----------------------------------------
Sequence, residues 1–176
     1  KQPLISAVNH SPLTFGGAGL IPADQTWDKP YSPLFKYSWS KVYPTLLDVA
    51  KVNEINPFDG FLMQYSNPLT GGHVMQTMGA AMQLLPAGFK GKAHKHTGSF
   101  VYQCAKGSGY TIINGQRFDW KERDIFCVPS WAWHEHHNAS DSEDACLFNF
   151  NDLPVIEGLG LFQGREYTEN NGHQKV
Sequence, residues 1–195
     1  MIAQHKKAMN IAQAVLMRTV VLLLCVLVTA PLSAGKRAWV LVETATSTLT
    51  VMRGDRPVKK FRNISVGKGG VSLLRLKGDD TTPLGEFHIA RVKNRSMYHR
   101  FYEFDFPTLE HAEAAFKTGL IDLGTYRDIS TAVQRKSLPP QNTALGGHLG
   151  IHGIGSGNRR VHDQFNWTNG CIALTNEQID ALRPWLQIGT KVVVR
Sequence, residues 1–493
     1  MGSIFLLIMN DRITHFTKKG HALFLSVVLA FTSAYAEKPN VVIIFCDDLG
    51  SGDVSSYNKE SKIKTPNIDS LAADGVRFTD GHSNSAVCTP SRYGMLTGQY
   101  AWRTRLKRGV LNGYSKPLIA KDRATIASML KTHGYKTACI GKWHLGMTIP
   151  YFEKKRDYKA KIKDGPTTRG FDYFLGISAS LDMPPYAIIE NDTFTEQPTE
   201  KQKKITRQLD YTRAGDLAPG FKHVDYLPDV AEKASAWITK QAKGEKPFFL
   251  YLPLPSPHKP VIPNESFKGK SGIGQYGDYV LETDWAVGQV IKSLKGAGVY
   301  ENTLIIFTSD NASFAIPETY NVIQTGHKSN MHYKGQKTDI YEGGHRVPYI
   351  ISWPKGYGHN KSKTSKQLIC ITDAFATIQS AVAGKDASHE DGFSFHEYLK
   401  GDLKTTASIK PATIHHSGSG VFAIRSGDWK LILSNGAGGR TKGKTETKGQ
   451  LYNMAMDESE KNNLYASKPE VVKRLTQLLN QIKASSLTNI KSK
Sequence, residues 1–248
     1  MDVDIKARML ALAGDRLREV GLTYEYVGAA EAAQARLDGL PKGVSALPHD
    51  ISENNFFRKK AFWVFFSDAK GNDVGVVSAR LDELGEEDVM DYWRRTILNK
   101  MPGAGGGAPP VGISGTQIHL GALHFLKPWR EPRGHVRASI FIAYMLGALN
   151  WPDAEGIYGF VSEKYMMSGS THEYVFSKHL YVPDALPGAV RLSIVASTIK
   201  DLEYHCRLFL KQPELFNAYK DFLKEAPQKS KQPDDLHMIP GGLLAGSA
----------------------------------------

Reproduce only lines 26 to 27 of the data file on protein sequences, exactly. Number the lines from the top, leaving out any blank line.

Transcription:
   151  WPDAEGIYGF VSEKYMMSGS THEYVFSKHL YVPDALPGAV RLSIVASTIK
   201  DLEYHCRLFL KQPELFNAYK DFLKEAPQKS KQPDDLHMIP GGLLAGSA